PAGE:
An early Half-Life: Alyx ‘bug’ turned out to be tall players crashing into virtual pipes

"We would get hard-to-reproduce bugs from players banging their virtual head on low-hanging pipes"

Half-Life: Alyx is an huge technical accomplishment and marks an exciting leap forward in VR gaming, but it seems developer Valve encountered some perplexing hiccups during its creation. At one point, the studio was faced with “hard-to-reproduce bugs” that stopped players teleporting in certain spots – and it turns out it was taller players banging their virtual heads on in-game pipes.

That’s according to a new ‘Locomotion deep dive’ clip posted by Valve (via RPS), in which the studio takes a look at player movement in Half-Life: Alyx – “and some of the more interesting things we learned along the way”. One of these examples, Valve dev Greg Coomer explains, ties into ‘viable pathing’. “It turns out that the height at which players view the virtual environment is very important,” he shares.

“Early on, we would get hard-to-reproduce bugs from players banging their virtual heads on low-hanging pipes because they were unable to teleport through certain areas,” Coomer says. It turns out, the devs realised later on, these ‘bugs’ were only originating from the taller colleagues playing and testing the game.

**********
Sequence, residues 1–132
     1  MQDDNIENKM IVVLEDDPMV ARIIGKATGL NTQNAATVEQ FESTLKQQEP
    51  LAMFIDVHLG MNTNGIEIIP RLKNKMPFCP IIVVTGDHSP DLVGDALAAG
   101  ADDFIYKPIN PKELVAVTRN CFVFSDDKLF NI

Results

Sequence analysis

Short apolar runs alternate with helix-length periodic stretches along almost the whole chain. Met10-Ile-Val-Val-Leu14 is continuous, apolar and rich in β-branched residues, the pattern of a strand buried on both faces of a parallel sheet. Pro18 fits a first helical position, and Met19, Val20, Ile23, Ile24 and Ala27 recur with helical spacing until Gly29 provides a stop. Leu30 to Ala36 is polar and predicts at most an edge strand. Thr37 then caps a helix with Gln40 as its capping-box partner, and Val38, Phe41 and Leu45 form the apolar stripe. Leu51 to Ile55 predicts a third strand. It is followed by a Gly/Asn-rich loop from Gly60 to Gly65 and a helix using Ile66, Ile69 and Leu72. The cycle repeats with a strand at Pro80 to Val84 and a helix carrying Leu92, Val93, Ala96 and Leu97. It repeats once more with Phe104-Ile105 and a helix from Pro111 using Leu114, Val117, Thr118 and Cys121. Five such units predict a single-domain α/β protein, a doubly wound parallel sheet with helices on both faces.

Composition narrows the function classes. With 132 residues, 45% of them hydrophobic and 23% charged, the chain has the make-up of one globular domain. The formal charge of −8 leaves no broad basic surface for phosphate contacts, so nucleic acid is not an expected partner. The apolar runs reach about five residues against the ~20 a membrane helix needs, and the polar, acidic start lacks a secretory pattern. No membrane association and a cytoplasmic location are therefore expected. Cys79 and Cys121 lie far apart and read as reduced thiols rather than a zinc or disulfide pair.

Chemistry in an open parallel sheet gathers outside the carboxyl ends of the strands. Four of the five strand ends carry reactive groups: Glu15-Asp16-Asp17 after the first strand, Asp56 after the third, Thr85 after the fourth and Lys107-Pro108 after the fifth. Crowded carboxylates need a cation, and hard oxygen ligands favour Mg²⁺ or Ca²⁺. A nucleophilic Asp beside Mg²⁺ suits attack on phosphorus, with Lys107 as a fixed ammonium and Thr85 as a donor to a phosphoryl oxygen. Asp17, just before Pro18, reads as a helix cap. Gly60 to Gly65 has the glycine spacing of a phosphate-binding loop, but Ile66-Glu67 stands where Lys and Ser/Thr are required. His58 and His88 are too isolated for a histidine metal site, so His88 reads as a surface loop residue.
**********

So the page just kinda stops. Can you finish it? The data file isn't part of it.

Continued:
“We as humans are strongly attuned to the perspective that our height gives us on the real world, and it was essential that we preserve this in the virtual environment in Half-Life: Alyx,” Coomer explains. He says the result of this phenomenon is that each player’s real-world height has an impact on the “extent” of their in-game body – and by extension, their perspective in the game’s world.

This, he shares, has a knock-on effect on how the VR game’s paths are computed. You can see this for yourself in the video below from around the 4:30 mark, where Valve compares the in-game perspectives of players of different heights.

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If you’re tempted to dive into the game for yourself, be sure to take a look at our Half-Life: Alyx review. Dustin Bailey scores it a nine out of ten, concluding that the game “confidently serves as both a vindication for the magic VR can bring to gaming, and a satisfying new entry in the beloved Half-Life series.”